In Uncategorized on 11/15/2022 at 16:28

For Innocent Spousery

Haywood Earl Parker, Jr., Petitioner, and Jacqueline Ann Parker, Intervenor, T. C. Memo. 2022-110, filed 11/15/22, agree with IRS that the tax due for the year at issue is $39K more than their 1040 MFJ showed.

It was all due to Jacqueline’s settlement of an employment discrimination lawsuit. She and Haywood claim they got bogus advice from IRS and the forms were confusing, so IRS folded the chops. But tax is owed, and Haywood knew the amount of the settlement Jacqueline got and that it never made it onto the 1040 MFJ.

Judge Elizabeth Crewson Paris has this one, and wastes no time blowing off Sections 6015(b) and (c), and the streamliner. Haywood knew the income and the nonreporting.

Haywood’s trusty attorneys from the Kansas City (Mo.) LITC community (Jacqueline properly is not represented by them), whom I’ll call Lee and Mike and award a Taishoff “Good Job,” play up Haywood’s illness.

“Petitioner’s health condition prevents him from holding full-time employment, and his only source of income is Social Security disability payments. His annual income of $28,300 is below 250% of the federal poverty guidelines.” T. C. Memo. 2022-110, at p. 7. (Footnote omitted).

And while the divorce decree placed the tax burden on both parties equally, therefore neutral, that doesn’t seem to carry much weight with Judge Paris.

At close of play, poor health overcomes guilty knowledge.

“Petitioner’s poor physical health has left him disabled to the point that he is unable to work. His only source of income is Social Security disability payments, which allow him to meet his monthly expenses, but little else. Payment of the deficiency would create financial hardship. Although he did have knowledge of the income that gave rise to the deficiency in this case, petitioner credibly testified that he made a good-faith effort, despite confusing advice and reporting documents, to comply with the tax law but erroneously believed that the settlement funds were not taxable. He has remained in compliance with the federal income tax laws in subsequent years. On consideration of all of the relevant facts and circumstances, the Court concludes that petitioner is entitled to complete relief.” T. C. Memo. 2022-110, at p. 9.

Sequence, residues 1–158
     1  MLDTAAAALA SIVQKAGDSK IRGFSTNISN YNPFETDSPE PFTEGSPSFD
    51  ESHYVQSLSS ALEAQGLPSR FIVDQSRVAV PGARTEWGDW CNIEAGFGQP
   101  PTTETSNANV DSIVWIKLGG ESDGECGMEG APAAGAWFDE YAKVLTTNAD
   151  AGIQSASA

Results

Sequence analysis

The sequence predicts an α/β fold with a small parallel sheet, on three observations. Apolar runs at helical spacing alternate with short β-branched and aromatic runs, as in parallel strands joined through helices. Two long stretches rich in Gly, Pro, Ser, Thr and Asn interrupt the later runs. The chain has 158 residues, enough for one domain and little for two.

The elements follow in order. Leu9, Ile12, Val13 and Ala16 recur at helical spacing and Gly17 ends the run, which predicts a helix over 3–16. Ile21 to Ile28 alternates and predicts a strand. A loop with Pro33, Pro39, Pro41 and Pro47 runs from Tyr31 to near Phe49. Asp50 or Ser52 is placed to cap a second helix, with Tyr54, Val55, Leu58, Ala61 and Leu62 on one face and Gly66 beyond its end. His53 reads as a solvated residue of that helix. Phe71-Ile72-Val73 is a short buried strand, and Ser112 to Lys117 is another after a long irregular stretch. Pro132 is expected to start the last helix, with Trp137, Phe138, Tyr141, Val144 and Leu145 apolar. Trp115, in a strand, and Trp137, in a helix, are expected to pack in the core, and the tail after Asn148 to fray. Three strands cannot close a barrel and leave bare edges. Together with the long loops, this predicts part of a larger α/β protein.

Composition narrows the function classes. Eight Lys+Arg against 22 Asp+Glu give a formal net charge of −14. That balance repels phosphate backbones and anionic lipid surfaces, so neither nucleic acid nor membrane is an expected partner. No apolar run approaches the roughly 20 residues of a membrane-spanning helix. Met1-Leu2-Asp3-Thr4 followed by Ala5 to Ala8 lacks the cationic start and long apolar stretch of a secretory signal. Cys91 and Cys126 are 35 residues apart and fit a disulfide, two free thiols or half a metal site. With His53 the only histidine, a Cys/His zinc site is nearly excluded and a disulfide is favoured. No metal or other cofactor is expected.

Note that there’s testimony here, because the petition was filed pre-7/1/19, hence Section 6015(e)(7) plays no part, T. C. Memo. 2022-110, at p. 4, footnote 4.

I find it interesting that Judge Paris mentions that, when the parties divorced two (count ’em, two) years after the year at issue, Haywood sold Jacqueline his interest in the marital domicile for $50K cash, T. C. Memo. 2022-110, at p. 2. No suggestion that the funds came from settlement proceeds, or that this deal was in the works during year at issue; but from wherever the cash came, where did it go? We know that changed circumstances can result in remand to Appeals in CDP cases; see my blogpost “Back to the Future,” 8/1/11. Is this a signal from Judge Paris?


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